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Scarpa Omega Moutaineering Boots

I finally got to try on a pair of Scarpa Omega Mountaineering Boots this past weekend. I’ve had my eye on them for a while because of their light weight: 5.2 lbs per pair in a size 9.5 US. So, when I saw them in the EMS outlet in North Conway, NH, I immediately tried them on.

The Omega’s fit really well and I bought them on the spot at a 20% sale discount, which is significant because they retail for $360.

Scarpa Omega Mountaineering Boots
Scarpa Omega Mountaineering Boots

I know this sounds like it was an impetuous purchase but I’ve gotten to the point where I know what to look for in a plastic mountaineering boot. I didn’t experience any heel lift, shin banging or toe movement in the boot when I walked around the store and simulated kicking steps and front pointing. The level of ankle flex in the boot was also fantastic: almost like a leather boot instead of a cinder block. Heel rocker was good, making them easy to walk on a flat surface and the sole was very stiff, due to a carbon fiber shank, which makes them good boots for ice climbing.

The Inner boot in the Omega is made with a synthetic material that feels a little like felt and seals at the top with a velcro strap instead of a bootlace system, like some other Scarpa boots. It is not sturdy enough to use as a camp bootie, but provides good insulation. The inner boot is also heat-moldable like good ski boots, which is a huge benefit if you want an ultra-personal fit.

Scarpa Omega Inner Boot
Scarpa Omega Inner Boot

The morning after buying these boots, I got to use them in a three day Introduction to Mountaineering course I took with the International Mountain Climbing School in North Conway. This was a strenuous class combining ice climbing, winter hiking, camping and an ascent up Mt. Washington (6,288 ft), famous for it’s extreme weather conditions.

Winter Sock System

Suffice to say: I didn’t get one blister the entire weekend, and we did at least 10 miles of hiking in fresh snow with heavy packs. My feet were never cold either, unlike those of my classmates: I wore a light liner sock under a heavy expedition weight REI wool sock.

Plastic mountaineering boots, like the Omega are compatible with all grades of crampons. This weekend, I wore a pair of Petzl step-ins which locked over the front and rear boot welts. Ankle flex in the Omega’s was really good, particularly when side stepping up steep icy slopes using French Technique where you need to keep the base of your foot completely flat: I never felt like I was fighting the boots to maintain safe purchase. I also did not experience any shin bang during the weekend which I attribute to the softness of the plastic in the Omega’s tongue and the cushioning of the inner bootie.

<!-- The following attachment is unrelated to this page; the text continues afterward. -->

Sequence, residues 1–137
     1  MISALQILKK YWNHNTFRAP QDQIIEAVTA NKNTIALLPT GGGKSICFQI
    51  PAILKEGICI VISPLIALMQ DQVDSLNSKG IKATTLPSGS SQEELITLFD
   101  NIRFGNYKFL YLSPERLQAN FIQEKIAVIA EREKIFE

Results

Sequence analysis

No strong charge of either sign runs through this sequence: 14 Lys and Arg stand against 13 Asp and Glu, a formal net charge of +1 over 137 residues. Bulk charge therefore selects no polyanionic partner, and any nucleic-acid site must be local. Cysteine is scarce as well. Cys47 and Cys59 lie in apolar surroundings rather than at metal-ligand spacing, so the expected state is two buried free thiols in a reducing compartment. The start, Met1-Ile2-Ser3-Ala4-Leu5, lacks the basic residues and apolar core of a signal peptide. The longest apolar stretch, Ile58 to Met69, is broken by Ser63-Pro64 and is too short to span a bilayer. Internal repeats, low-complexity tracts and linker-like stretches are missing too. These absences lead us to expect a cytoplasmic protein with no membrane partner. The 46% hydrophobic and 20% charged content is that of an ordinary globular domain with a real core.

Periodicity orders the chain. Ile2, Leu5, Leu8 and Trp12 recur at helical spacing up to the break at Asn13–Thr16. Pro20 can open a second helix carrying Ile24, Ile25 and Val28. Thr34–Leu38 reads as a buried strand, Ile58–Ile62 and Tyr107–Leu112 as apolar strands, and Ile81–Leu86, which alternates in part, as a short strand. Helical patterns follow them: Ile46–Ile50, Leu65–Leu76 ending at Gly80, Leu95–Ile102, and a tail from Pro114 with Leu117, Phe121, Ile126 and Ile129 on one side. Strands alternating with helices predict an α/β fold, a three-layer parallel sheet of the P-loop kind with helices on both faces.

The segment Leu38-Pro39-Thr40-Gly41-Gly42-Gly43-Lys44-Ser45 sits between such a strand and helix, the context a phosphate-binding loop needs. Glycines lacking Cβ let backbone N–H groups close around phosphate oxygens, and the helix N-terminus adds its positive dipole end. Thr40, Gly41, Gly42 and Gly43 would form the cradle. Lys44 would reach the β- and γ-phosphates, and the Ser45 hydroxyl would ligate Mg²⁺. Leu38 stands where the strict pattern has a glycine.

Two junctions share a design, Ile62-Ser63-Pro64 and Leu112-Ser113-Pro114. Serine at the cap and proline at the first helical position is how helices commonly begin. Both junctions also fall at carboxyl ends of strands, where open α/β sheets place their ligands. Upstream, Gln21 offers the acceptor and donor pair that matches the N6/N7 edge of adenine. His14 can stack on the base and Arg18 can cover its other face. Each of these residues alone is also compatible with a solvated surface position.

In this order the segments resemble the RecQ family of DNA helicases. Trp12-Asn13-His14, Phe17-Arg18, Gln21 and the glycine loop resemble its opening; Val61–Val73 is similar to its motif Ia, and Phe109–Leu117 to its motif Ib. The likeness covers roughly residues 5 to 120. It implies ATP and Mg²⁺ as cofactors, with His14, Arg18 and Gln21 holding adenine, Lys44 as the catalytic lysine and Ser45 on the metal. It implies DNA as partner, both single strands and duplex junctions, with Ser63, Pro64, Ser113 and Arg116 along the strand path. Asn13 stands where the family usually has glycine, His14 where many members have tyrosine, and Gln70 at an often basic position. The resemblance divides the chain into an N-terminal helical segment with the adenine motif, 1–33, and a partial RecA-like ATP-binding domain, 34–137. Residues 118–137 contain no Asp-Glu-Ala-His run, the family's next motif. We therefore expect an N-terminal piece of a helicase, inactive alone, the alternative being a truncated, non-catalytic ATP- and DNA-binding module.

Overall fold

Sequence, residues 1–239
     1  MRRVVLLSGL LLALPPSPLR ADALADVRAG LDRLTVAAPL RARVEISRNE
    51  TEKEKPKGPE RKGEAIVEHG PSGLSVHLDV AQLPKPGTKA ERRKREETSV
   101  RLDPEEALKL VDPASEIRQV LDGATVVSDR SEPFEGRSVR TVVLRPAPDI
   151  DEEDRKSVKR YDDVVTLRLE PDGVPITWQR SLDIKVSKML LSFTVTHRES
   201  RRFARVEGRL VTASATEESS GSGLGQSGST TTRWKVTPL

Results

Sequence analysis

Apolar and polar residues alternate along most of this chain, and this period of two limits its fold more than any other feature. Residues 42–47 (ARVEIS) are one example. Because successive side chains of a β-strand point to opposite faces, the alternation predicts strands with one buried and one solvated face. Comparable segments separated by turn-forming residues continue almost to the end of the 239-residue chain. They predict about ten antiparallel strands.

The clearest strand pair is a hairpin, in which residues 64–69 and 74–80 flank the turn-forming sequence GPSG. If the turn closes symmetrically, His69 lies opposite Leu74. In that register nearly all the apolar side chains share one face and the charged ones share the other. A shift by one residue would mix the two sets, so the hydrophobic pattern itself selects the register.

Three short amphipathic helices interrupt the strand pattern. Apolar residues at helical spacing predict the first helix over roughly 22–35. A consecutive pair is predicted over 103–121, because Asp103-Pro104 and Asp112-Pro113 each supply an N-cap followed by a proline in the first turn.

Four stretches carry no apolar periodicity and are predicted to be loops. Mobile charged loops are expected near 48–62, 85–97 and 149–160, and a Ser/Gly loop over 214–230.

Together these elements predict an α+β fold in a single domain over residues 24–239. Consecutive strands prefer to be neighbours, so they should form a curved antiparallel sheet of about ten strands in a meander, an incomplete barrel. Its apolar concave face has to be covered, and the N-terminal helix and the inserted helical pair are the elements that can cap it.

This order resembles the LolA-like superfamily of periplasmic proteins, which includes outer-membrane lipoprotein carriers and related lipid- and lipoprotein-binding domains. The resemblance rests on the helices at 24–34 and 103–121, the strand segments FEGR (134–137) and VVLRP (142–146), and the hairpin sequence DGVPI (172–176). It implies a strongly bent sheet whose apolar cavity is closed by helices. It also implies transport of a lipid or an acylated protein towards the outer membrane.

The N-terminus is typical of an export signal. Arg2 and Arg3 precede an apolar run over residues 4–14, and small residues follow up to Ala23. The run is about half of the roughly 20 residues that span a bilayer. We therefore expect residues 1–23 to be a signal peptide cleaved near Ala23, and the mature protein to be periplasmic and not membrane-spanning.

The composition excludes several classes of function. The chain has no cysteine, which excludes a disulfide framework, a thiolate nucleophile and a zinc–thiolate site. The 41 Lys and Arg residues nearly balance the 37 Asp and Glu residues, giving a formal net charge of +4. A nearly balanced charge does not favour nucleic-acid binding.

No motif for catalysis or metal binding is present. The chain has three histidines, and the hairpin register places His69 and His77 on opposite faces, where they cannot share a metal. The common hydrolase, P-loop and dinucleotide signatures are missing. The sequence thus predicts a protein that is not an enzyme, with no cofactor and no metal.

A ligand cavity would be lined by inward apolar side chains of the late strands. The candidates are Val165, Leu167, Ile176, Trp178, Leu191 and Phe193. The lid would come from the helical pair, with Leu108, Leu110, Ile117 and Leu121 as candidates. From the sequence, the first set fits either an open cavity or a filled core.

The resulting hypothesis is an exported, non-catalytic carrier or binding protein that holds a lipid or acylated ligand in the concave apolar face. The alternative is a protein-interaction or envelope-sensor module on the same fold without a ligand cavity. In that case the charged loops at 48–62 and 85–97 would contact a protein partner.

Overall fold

I am very pleased with these boots and glad that I held out and tried them on before selecting another boot. The excellent comfort and fit that they provide is worth their premium price.

Disclosure: The author owns this product and purchased it using their own funds.

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  1. I'm in the market for a pair of mountaineering boots for SAR, but I'm not sure I'd go for the bright color (it'd clash with my bright yellow SAR jacket :) ) or the price. Eek!

  2. If you're willing to live with a guy who has a $100 car, you can't be to choosy about colors! :-) Since when does outdoor gear have to be color coordinated?

  3. Nice review. Any word on how these fit different sized feet and should be sized (looks like you got a pair a bit smaller than your other reviews)? I've got a bit of of a wider foot with little taper.


  4. They fit true to size. I wear a 9.5 (US) boot and got a 9.5 (US) Omega. I was astonished by this. The inner liner is heat-moldable so the best way to fit your feet exactly is to use this feature. Since, I bought these boots I've been on numerous hikes with them and just love them. They are nothing like the giant cement-brick Koflachs that you see people wearing. I think they're a really great plastic boot that doesn't feel like a plastic boot, if you know what I mean.

  5. I know that this is not about the boots, but I can not find where to post this. I have been doing winter backpacking for 2 winters and always end up with cold feet. Do you have any solutions for this problem that I have?

  6. I was out last week with a guy who'd gotten frostbit toes at a young age. His solution is to use chemical warmers under the balls of his feet, under socks, in a pair of Koflach winter boots. Another thing to try is to wear gaiters, and to change out of your damp socks if you do any winter camping, as soon as you get to camp. The last option is just to keep moving…don't stop.

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